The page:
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Informed consent

Everyone taking part in a clinical trial must give ‘informed consent’, or have a parent or guardian or other legally authorised person give consent.

Informed consent means that potential participants are given information about the key facts of a clinical trial before deciding whether or not to take part. Informed consent also means that participants are provided with information on new developments throughout the trial.

You cannot be entered into a trial if you don't want to be. If you are asked to take part, you are free to say yes or no at any time. There should be no pressure on you to enter a trial. If you are under 18, a parent or guardian has to give legal consent and you have to give your permission as well.

To help you decide whether or not to be part of a trial, members of the research team will explain the details of the trial to you. The researchers will also provide a document, usually called a participant information and consent form, which includes details about the study such as its purpose, duration, required procedures, risks and potential benefits. You can ask about anything that is not clear to you or that you do not understand. You can take your time and talk it over with family and friends or your own doctor before deciding whether to take part.

You will then decide whether or not to sign the consent document. Signing the consent document means that you are agreeing to take part in the trial and have understood what that will involve. The consent document is not a contract, and you may withdraw from the trial at any time. If you do withdraw from a clinical trial, the relationship between you and your doctor will not be affected.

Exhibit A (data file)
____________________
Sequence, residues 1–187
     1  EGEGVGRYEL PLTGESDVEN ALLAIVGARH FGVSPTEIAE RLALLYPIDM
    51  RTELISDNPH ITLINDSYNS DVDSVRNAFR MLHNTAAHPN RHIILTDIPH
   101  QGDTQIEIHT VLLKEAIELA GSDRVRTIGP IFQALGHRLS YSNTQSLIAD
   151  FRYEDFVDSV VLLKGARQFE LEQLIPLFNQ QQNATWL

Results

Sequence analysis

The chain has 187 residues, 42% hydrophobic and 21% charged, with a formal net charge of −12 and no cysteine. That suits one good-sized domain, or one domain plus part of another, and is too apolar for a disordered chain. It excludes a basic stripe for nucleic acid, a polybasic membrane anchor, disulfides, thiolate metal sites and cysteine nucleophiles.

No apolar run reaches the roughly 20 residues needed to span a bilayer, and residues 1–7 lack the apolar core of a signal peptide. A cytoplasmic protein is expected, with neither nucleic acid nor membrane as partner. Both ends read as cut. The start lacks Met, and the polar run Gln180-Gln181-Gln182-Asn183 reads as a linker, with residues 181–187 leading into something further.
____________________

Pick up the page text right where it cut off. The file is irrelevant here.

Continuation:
If there are any changes to the trial or to the protocol, you will be kept informed and you may be asked to give your consent again before proceeding with the trial.

Giving consent for another person

Sometimes, a potential participant may be unable to give their own consent for participating in a clinical trial. Such people might include:

  • those who may be temporarily unable to give consent, including unconscious patients
  • those with a severe cognitive impairment, an intellectual disability, or a mental illness, including elderly patients with dementia; or
  • children who are not able to give consent.

In these circumstances, consent may sometimes be given by responsible family members, guardians or someone authorised by a court to act on behalf of the person who is not able to give informed consent.

In some cases, family members or guardians may also be needed to help a person make the decision about whether or not to take part in a clinical trial (even though the person will need to provide their own informed consent). This is particularly the case for people with a less severe cognitive impairment, intellectual disability or mental illness, or for those whose first language is not English.